‘What those crazy birding trips are like’
I just flew back from a birding trip to Brazil, and boy are my arms tired.
People often ask me what these trips are like. Well, here’s how I often describe them. Picture yourself thrown together with eleven random strangers from all walks of life. For several days you spend nearly every waking moment with these people.
You eat every meal together, you take breaks together, you even spend the night together. (Well, sort of.) You consult, you deliberate, you draw conclusions.
You form bonds and promise to stay in touch. Then, when it’s all over, you go home — and never see each other again. Jury duty, right?
Well, this trip was a tad different. For one thing, there were two people on it that Dude Man knew already.
Before I get to the other difference, let’s talk a little about that eating together deal. The tour company we use (and which I highly recommend and plug shamelessly whenever possible), Field Guides, has been spreading their wings, so to speak. They’ve been marketing tours to wider audiences by enticing birders with Extra Added Attractions. Like, they have birding/wine tours. (See their “Birds and Wines of Chile and Argentina” for just one example.)
They have tours that combine birds and art, too. Like this one with Dutch birds and Dutch masters.
Well. I wanted to call this trip “Brazil and Buffets” because practically every meal we ate was one. A buffet, that is. Some were at the hotels, natch. But others were pretty fancy places — like the one pictured at the top of this post — where you’d fill your plate with all kinds of goodies, then waiters would go around and offer you meats they’d carve right for you from big ole skewers. (Or, in one place, offer you pieces of freshly-baked pizzas from big ole platters.)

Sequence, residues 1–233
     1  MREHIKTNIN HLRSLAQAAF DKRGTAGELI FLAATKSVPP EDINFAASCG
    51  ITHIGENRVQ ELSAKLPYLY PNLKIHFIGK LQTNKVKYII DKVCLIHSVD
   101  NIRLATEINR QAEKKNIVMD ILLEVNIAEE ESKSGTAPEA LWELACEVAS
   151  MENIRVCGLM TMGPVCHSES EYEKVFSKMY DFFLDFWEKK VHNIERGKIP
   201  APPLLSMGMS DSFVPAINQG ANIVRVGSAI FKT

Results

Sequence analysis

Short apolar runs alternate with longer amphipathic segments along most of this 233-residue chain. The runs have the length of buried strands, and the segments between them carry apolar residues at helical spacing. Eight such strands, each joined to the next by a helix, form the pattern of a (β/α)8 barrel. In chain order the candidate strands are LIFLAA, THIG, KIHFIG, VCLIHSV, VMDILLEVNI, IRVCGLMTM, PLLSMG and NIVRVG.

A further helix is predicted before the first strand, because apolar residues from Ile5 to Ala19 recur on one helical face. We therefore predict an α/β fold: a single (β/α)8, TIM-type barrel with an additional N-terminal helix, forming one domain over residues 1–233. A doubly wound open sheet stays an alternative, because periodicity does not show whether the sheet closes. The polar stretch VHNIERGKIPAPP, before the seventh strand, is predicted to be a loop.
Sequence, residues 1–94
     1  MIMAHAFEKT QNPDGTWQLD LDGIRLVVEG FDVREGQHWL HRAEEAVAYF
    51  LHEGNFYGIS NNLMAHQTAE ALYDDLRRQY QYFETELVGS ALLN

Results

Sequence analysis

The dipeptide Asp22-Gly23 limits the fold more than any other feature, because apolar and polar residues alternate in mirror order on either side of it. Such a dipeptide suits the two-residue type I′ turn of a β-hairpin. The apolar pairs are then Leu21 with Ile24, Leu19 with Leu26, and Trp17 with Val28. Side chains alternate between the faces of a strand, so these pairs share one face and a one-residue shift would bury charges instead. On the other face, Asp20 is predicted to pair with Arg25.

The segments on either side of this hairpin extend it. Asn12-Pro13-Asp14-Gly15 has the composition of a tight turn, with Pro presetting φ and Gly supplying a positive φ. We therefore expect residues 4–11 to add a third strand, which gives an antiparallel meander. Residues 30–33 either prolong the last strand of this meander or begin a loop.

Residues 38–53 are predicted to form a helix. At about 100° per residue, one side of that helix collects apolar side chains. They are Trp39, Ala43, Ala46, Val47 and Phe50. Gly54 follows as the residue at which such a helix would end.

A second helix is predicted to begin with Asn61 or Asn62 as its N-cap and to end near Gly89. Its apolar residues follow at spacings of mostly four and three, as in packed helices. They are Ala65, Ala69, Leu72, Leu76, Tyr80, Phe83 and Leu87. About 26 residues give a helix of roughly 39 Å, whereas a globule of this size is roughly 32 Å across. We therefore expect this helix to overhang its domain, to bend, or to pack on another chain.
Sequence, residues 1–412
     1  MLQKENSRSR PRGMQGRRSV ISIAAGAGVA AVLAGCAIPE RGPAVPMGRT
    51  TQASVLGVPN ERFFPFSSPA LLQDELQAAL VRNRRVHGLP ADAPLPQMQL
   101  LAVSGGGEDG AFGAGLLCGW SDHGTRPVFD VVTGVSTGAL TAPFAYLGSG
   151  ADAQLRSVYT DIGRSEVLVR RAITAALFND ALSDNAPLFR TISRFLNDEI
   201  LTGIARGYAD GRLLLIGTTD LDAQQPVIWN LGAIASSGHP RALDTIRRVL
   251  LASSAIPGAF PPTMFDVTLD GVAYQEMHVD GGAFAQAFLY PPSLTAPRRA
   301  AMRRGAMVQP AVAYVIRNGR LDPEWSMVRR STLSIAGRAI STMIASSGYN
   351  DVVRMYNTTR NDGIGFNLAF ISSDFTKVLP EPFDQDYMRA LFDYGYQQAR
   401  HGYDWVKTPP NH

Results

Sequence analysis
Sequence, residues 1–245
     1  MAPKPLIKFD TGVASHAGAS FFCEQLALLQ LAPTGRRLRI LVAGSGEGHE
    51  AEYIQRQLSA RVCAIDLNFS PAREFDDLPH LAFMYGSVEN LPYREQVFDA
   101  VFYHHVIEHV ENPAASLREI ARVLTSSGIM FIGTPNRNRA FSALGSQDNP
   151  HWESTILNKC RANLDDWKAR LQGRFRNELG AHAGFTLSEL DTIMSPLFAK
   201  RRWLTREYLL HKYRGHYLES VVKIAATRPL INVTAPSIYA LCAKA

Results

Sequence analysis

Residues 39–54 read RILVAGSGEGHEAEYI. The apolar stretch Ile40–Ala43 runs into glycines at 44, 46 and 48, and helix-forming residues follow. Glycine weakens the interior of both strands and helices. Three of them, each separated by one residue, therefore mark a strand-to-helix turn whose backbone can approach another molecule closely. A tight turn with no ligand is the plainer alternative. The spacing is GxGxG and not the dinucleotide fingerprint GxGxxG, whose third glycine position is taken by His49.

My favorites, though, were the by-the-kilo places. You’d fill your plate, then place it on a scale. You’re charged by how much it weighs. My suggestion that each diner be weighed before and after eating and charged accordingly wasn’t exactly a hit, especially later in the tour.)
Oh, the other thing that was different about this trip is that we were missing The One. You know, the person in the group — whether jury or birding trip — who is difficult or annoying or sometimes even a full-fledged pain in the tuchus. Oh, there was this one guy we dubbed “Mr. Sunshine” because he had a darkish streak. But he turned out to be too darned lovable to be a full-fledged One.
In fact, everyone on this trip turned out to be loveable. So goldarned lovable that we made sincere promises to get together in our future nonbirding lives. Will this really happen?
The jury is still out.
Amagansett, New York. November 2022